It also didn't hurt that Horn was busy on the recruiting trail. In Wilborn, Horn found a player who blocked nearly two shots a game as a sophomore at Tennessee. He landed a point guard in Haynes who averaged 14.6 assists in junior college. Lee, however, is Horn's most-coveted signee to date.
An Indianapolis native, Lee ranks third on the team in scoring at 14.1 points per game. While the trend in college basketball seems to be to dunk or shoot three-pointers, Lee is finding success with a silky mid-range game that gives opponents fits. Lee's scoring numbers also are aided by that fact the he's playing 32.6 minutes a game.
Horn plucked Lee out of tradition-rich Pike High School -- the alma mater of Notre Dame guard Chris Thomas -- where he went 72-8 in four years. He said he was fortunate to find Lee before some of the country's bigger schools came calling.
"Courtney played for a great high school and a great coach, so he came in with the perfect attitude," Horn said. "He didn't come in thinking, 'I'm the man.' We committed to him very early on. We told him he was the guy we wanted, and that he could make an impact right away. Those things are coming true for him."
Horn realizes a lot of things need to happen for Western Kentucky's success to continue. The Hilltoppers must get healthy in the paint, and their defensive intensity -- opponents are averaging 19.9 turnovers a game -- must continue.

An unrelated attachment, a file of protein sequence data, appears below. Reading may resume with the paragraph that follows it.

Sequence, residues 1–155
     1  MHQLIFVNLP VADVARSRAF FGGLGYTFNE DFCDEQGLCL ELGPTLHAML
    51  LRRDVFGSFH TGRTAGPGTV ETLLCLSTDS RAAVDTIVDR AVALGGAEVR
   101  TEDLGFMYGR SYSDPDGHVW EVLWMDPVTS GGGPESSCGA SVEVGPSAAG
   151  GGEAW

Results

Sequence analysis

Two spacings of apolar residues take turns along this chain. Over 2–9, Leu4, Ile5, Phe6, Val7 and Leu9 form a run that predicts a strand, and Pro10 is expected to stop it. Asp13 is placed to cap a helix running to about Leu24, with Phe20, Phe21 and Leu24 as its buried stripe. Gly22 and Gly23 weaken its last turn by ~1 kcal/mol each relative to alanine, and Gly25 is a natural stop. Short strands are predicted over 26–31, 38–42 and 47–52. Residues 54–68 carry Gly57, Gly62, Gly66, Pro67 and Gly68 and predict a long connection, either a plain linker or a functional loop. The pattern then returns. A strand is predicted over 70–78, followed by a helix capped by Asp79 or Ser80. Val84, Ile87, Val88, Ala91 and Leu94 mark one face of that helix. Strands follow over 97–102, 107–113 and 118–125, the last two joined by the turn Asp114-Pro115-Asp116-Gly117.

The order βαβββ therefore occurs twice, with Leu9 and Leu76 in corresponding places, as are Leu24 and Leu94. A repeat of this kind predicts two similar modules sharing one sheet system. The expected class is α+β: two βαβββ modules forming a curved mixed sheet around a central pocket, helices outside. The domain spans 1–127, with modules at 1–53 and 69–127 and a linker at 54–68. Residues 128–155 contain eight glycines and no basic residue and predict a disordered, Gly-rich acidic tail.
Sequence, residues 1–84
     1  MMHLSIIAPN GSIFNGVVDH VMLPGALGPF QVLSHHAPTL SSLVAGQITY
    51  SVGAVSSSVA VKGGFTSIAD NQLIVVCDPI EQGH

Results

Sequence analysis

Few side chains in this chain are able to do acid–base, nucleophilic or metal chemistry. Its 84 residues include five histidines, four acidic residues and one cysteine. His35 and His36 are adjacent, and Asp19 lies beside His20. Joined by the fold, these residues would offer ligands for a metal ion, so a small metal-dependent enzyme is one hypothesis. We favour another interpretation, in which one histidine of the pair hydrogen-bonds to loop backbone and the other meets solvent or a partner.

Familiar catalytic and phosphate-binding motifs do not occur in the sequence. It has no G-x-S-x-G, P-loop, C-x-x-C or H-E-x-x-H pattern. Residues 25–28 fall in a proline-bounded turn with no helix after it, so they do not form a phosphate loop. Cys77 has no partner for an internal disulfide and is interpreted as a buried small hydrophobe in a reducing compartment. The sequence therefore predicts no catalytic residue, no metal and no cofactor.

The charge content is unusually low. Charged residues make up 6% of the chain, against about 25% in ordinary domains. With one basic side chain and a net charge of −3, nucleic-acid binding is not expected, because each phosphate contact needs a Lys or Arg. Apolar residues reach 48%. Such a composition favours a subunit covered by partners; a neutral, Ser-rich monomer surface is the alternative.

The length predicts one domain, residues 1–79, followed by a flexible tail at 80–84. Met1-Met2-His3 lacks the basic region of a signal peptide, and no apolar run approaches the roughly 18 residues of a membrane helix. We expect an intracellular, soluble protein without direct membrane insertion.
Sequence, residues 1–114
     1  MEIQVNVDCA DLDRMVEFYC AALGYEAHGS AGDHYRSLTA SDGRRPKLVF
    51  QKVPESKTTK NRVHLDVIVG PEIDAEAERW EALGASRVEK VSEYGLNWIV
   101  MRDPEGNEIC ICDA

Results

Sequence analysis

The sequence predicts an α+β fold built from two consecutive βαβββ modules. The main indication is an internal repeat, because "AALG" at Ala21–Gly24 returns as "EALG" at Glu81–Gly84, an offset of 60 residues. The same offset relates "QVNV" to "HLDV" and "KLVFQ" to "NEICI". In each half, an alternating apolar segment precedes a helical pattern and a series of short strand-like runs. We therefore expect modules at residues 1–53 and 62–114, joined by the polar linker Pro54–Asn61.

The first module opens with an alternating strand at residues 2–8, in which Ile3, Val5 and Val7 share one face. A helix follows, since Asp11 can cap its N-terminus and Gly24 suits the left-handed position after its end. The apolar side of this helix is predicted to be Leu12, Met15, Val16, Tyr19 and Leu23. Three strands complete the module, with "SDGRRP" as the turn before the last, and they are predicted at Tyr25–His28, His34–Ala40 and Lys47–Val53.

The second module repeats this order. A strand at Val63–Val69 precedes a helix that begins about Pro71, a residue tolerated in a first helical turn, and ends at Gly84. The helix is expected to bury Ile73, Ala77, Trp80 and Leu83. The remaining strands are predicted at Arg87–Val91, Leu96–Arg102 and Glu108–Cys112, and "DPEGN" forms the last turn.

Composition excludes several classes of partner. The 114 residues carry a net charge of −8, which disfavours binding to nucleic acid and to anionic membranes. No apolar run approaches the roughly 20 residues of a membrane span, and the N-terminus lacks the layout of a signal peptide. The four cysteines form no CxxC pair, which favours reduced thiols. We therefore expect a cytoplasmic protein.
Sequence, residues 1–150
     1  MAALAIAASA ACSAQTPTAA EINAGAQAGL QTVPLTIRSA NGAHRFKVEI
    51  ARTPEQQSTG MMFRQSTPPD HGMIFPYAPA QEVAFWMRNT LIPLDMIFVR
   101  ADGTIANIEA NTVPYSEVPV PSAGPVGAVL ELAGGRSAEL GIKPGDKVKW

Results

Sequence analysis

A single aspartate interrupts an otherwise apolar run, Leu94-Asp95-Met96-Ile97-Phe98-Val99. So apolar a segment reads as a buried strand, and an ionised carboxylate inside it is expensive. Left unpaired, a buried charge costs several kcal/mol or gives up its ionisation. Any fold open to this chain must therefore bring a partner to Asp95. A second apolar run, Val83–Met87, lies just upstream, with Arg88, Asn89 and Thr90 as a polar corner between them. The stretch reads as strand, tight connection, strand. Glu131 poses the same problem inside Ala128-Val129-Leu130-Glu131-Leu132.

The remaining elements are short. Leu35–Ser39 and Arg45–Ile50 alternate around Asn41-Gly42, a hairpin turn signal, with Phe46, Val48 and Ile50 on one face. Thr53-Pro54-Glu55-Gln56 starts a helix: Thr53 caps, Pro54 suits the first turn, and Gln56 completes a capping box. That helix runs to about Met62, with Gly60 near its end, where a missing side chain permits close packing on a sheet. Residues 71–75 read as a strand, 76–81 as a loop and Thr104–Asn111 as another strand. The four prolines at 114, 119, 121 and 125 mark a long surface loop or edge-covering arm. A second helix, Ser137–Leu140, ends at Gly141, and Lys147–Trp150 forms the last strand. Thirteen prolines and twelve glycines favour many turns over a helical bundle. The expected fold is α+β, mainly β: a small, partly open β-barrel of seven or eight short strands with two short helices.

"When three of your top seven players are freshmen, it's a little early to gauge where you're going to be long term," Horn said. "We're playing with heart and emotion. But with our depleted roster situation and lack of experience, each game is going to present a different challenge."
Still, there's something special about this squad, Horn said, something that makes him think the Hilltoppers could very well surpass their predicted fourth-place finish in the Sun Belt's East Division. He said it's about attitude, about sharing the ball on offense and fighting like heck for it on defense. It's about the way his players cheer for each other on the court and socialize off of it.
It's about being a family.
"That's the perfect word to describe us -- family," said Haynes, whose averaging a team-high 17.9 points a game. "Each day in the locker room we pass a sign that says, 'Play for each other.' And that's what we do. We've got a good chance to prove a lot of people wrong."
Jason King of the Kansas City Star is a regular contributor to ESPN.com.